Biodiversity

The Great Barrier Reef is internationally recognised for its outstanding biodiversity. The World Heritage status of the Reef recognises its great diversity of species and habitats. Conserving the Reef's biodiversity is not just desirable - it is essential. By protecting biodiversity, we are protecting our future and our children's future.

Imagine the Reef with fewer species, with no variety, it would be a vastly different place, unable to sustain all that it does today. 

What is biodiversity?

Biodiversity is the term used to describe the variety of life on Earth at all its levels from genes to ecosystems, and the ecological and evolutionary processes that sustain it.

It encompasses all living things, from microbes and single cell algae to marine turtles and whales, and their habitats. Importantly, it is not just a measure of how many species there are. Rather, it encompasses all natural variation - from genetic differences within one species to variations across a habitat or a whole ecosystem.

The Great Barrier Reef relies on its biodiversity, from the animals, plants and algae to the micro-organisms too small for the eye to see.

It is this biodiversity that builds such a remarkable ecosystem, as well as supporting
human use of the Great Barrier Reef.

The Great Barrier Reef's biodiversity

The variety of life along the Reef's vast expanse is immense. The Reef's extraordinary biodiversity and the interconnectedness of species and habitats make the Great Barrier Reef and surrounding areas one of the most complex natural systems on Earth.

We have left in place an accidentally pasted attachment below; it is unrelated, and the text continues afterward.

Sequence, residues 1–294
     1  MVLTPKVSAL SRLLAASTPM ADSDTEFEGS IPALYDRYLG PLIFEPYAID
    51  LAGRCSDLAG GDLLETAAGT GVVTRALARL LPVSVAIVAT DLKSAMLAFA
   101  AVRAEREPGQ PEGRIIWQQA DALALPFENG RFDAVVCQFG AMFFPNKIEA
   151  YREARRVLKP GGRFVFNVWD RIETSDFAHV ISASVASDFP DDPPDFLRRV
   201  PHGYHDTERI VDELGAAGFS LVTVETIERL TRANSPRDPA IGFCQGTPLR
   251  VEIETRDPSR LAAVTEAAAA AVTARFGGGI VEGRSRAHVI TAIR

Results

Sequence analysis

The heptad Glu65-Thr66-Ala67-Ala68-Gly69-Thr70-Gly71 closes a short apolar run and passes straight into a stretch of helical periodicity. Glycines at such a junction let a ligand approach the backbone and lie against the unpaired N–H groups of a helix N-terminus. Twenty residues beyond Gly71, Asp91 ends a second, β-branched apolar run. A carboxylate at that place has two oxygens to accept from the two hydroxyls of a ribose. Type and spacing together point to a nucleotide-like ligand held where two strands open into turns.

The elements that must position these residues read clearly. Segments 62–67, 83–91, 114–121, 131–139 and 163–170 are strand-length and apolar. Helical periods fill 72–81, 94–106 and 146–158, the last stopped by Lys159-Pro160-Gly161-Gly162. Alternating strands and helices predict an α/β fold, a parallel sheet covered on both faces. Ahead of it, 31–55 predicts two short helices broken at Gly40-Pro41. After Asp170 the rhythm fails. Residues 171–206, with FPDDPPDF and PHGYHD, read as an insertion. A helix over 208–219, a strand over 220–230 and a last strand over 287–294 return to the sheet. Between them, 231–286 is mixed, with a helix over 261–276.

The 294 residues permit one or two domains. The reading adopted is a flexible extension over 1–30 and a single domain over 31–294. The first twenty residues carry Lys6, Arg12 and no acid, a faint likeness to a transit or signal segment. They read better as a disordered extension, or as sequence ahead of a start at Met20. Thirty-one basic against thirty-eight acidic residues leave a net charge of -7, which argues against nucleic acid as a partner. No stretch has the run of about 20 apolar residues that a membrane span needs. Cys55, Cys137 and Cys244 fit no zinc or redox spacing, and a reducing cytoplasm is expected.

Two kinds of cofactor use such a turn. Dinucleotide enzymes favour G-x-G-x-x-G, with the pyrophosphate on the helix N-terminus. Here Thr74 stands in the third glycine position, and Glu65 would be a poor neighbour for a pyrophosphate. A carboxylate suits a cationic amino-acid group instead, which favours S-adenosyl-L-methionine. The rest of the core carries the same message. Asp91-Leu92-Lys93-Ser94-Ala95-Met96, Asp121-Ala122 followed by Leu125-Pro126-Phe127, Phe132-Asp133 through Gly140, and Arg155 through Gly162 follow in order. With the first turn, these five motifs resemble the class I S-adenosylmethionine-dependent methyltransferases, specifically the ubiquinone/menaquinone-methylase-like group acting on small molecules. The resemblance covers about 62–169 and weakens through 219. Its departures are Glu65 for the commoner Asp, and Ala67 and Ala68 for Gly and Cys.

Maintaining a healthy and diverse Great Barrier Reef ecosystem is important so it is better able to withstand, recover and adapt to impacts and stress. A productive and healthy Reef environment provides essential resources such as fish and prawns and supports many industries.

The Great Barrier Reef:

  • is the world's largest coral reef ecosystem, extending over 14º of latitudinal range
  • includes over 2900 separate coral reefs
  • includes deep water features of the adjoining continental shelf including canyons, channels, plateaux and slopes
  • is made up of 70 'bioregions' (broad-scale habitats) comprising 30 reef bioregions and 40 non-reefal bioregions
  • has over 2000km² of mangroves, with species representing 54 per cent of the world's mangrove diversity
  • has about 6,000km² of seagrass beds
  • includes about 900 islands ranging from small coral cays to large continental islands
In addition a wide array of animals rely on the Reef, including one of the world's most important dugong populations and six of the world's seven species of marine turtle. Over 1500 species of fish swim among more than 350 species of hard coral. Lesser known species like molluscs, sponges, marine algae, soft coral and sea pens are just some of the many that call the Great Barrier Reef home.

Managing the Great Barrier Reef Marine Park's biodiversity

The Great Barrier Reef Marine Park Authority (GBRMPA) uses a suite of management tools to look after the Reef's biodiversity. These range from legislation, zoning plans and permits to research, partnerships and education and compliance.

The Reef's vast size and complexity means that a collaborative approach is one of the most important considerations for the long-term management of biodiversity. Any one organisation working in isolation cannot achieve what is necessary to protect the Reef's biodiversity. The GBRMPA is not the sole provider of services to manage and conserve biodiversity in the Great Barrier Reef and many other government agencies, stakeholders and community members play a crucial role.

The Great Barrier Reef Biodiversity Conservation Strategy 2013 provides a framework for how the biodiversity of the Great Barrier Reef will be managed. It provides a 'roadmap' for management actions for the GBRMPA, and all other stakeholders who have a role in managing the Reef and maintaining its biodiversity.